Monday, May 25, 2015

Poll says majority of Canadians see Omar Khadr as a threat

A majority of Canadians see convicted terrorist Omar Khadr as a threat to Canada.
A poll of 1,514 Canadians conducted by Angus Reid found that 55% agree that Khadr "remains a potential radicalized threat" while 45% disagree with that statement.
A majority of Canadians in all regions, with the exception of British Columbia, felt Khadr remains a threat. Men were slightly more likely than women to see Khadr as a threat (57 to 54% respectively) and Canadians over 35 viewed Khadr as a great threat than Canadians under 35.
Among political party supporters, Conservatives (73%) were most likely to view Omar Khadr as a threat compared to NDP supporters (44%) and Liberal voters (39%).
Liberal voters were also more likely to support the court ruling that freed Khadr on bail while he appeals his conviction on war crimes before a US court.

Robert De Niro tells NYU's Tisch School for the Arts grads that they're fucked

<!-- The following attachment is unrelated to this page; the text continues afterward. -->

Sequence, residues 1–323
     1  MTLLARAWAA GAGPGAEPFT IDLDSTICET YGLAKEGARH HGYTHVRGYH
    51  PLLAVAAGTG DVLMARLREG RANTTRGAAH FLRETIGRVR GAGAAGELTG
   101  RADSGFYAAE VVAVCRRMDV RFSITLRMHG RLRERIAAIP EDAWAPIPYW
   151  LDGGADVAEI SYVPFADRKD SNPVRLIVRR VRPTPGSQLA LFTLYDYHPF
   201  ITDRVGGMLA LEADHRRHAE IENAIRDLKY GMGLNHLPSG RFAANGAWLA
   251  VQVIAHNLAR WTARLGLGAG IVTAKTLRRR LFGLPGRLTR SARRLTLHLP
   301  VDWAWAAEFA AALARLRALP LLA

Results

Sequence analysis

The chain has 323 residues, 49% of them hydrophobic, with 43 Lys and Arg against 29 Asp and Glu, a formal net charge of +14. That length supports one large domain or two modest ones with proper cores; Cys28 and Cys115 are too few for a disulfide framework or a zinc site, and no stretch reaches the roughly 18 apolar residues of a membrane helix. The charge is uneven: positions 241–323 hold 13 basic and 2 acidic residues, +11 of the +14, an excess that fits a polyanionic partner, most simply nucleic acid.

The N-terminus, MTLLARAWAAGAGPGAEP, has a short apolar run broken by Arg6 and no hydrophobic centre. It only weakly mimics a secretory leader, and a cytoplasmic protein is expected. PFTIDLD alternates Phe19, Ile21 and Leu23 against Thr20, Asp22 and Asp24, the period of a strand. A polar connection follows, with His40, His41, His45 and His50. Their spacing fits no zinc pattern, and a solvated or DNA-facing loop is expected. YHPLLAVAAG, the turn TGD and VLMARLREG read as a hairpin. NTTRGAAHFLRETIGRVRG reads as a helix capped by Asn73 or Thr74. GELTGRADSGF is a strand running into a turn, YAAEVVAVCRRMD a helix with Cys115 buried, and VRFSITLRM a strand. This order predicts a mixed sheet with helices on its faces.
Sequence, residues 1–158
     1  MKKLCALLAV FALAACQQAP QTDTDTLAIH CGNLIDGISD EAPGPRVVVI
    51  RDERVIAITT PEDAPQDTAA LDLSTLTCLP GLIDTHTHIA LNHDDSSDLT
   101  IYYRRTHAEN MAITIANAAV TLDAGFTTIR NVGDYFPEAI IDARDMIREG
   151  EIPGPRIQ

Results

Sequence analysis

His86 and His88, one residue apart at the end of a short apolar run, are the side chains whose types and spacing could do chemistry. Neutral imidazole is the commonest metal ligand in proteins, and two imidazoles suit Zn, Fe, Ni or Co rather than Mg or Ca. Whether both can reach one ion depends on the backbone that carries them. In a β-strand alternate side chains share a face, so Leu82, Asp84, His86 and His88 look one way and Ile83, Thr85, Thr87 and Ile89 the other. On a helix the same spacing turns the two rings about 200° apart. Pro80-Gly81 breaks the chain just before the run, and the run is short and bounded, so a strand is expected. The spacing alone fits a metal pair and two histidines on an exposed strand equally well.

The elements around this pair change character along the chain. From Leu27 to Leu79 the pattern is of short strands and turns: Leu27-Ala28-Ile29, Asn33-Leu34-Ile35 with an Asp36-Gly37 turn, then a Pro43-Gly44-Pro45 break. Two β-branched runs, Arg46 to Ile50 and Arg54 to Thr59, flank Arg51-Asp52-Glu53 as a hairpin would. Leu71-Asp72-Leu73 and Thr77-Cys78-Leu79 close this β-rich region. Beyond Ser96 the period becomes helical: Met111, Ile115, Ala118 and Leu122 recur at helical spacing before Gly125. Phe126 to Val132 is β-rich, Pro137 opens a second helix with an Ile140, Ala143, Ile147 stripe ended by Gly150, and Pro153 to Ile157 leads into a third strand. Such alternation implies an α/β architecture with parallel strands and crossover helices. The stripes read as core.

The national security threat to Canada from Islamism

Sunday, May 24, 2015

U of Michigan football coach Jim Harbaugh meets with aggrieved Muslim students over American Sniper tweet

Michigan football coach Jim Harbaugh met with Middle Eastern, North African, Muslim and South Asian students in a private meeting in the Michigan Union on Wednesday to discuss the University’s April screening of the movie “American Sniper,” a film based on the autobiography of former U.S. Navy Seal Chris Kyle.

E-mails obtained by the Daily sent Tuesday to listservs for various student organizations — including Students Allied for Freedom and Equality, the Middle East and Arab Network, the Arab Students Association, the South Asian Awareness Network, Michigan Pakistanis, and Muslim, Lebanese, Malaysian and Persian students — announced plans for the meeting. The e-mails said several students requested the meeting in response to a tweet Harbaugh sent April 8 regarding the movie.

“Michigan Football will watch ‘American Sniper’! Proud of Chris Kyle & Proud to be an American & if that offends anybody then so be it!” the tweet read.

Harbaugh’s tweet came amid national media coverage of the Center for Campus Involvement’s April 7 announcementthat it would cancel the movie’s screening scheduled for April 10’s UMix. The CCI said it made the decision in response to a student petition that raised concerns about how the film portrays Arabs, Muslims, the Middle East and North Africa.